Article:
It’s common sense that you should wash your hands before and after handling food, whether you’re cooking or eating. And even if you don’t have access to soapy water, you should at least use a mere squeeze of hand sanitizer to make sure you’re not ingesting any harmful bacteria with your food. However, some people tend to wash their hands too frequently, which could ultimately pose both immediate and long-term health problems.
The continued use of antibiotics has been a problem, but many don’t realize these bacteria-killing agents find their way into soap as well. As we frequently wash our hands with antimicrobial soap, we’re allowing antibiotic-resistant bacteria to form and thrive, which makes us more susceptible to illnesses.
In order to properly wash and clean your hands, regular soap does the job just as well, and reduces germs that cause the common cold and the flu, among other things. Next time you’re in the supermarket, just remember that buying antibacterial soap isn’t necessary – regular soap is just fine.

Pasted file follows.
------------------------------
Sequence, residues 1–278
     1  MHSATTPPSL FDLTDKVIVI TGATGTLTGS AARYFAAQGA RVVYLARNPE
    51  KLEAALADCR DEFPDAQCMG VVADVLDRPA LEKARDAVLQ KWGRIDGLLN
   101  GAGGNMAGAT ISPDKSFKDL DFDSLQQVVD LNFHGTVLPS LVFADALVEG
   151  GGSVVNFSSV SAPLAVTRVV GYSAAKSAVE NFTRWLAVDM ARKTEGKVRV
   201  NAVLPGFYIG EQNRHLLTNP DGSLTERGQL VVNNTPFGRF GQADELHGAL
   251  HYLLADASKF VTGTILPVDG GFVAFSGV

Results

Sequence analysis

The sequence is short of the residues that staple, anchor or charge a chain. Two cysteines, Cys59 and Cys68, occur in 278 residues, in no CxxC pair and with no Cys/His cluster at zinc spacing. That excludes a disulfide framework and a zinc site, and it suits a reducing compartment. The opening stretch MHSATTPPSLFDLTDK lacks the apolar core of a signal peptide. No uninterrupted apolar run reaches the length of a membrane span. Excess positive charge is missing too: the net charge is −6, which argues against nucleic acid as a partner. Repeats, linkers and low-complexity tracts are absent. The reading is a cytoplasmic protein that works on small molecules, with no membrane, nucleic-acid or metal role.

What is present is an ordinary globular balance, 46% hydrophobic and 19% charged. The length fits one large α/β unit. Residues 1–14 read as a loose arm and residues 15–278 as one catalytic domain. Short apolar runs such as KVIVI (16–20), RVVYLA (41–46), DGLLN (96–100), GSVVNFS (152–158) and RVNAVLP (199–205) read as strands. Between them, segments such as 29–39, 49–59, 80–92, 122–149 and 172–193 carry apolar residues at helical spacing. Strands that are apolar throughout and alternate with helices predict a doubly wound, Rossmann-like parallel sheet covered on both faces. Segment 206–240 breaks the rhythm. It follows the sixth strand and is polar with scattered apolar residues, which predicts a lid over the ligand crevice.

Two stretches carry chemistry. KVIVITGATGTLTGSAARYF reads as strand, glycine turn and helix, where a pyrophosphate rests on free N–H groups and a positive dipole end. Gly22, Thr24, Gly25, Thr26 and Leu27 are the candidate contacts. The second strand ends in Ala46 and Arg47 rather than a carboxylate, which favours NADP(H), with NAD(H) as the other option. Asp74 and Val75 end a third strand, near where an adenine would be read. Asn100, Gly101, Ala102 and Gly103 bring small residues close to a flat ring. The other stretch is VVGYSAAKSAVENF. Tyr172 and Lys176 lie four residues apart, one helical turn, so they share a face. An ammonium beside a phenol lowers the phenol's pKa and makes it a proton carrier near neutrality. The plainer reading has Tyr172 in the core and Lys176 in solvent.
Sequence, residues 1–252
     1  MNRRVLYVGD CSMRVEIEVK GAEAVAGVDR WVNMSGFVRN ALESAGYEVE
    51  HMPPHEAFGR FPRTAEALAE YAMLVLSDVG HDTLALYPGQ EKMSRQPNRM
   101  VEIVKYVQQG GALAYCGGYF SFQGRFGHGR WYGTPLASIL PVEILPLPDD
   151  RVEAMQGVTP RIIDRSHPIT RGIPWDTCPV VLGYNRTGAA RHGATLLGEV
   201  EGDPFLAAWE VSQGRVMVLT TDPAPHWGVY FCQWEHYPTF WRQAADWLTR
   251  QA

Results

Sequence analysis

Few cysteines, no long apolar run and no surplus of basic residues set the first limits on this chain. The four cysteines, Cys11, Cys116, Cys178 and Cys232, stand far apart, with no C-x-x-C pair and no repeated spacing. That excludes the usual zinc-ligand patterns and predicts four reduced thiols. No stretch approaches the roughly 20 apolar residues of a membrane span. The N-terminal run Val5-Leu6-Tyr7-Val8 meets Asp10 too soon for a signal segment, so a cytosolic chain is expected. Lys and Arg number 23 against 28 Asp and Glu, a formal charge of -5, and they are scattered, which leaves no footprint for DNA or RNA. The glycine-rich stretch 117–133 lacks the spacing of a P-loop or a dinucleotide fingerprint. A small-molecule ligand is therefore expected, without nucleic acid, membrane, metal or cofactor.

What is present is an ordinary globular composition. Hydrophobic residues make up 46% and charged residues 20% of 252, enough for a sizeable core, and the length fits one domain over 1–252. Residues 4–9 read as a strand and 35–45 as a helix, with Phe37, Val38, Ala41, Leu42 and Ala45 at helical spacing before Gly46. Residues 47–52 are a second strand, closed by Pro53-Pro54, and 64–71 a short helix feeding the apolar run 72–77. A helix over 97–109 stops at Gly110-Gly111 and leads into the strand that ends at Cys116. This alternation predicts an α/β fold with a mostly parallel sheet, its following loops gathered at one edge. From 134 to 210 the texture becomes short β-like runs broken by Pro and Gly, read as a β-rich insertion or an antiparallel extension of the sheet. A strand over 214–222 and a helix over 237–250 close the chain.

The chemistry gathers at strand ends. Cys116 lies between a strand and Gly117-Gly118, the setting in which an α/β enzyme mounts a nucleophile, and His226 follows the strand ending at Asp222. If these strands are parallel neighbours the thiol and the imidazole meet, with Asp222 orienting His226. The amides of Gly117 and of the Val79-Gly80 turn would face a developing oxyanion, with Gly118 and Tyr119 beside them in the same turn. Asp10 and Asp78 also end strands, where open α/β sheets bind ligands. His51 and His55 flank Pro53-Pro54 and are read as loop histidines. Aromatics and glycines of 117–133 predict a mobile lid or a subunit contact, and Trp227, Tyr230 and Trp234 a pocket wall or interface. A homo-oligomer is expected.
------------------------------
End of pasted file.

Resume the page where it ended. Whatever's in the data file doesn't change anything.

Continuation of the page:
Another issue with overwashing your hands, though external, is hand dermatitis, which is marked by excessive itching, dryness, and burning. Using soap removes the natural oils from your hands, and with increased washing, you’re drying your hands out more quickly than they can produce the needed oils. This irritates the skin and eventually leaves it cracked, taking up to several months to heal.
Of course, that doesn’t mean that you should stop washing your hands altogether – it’s still a necessary component to healthy living. We all still sing happy birthday while giving our fingers a nice soapy bath under warm water. Just don’t go overboard and head to the sink to scrub your hands clean every minute if you can help it. Your soft hands and lack of antibacterial resistance will thank you later.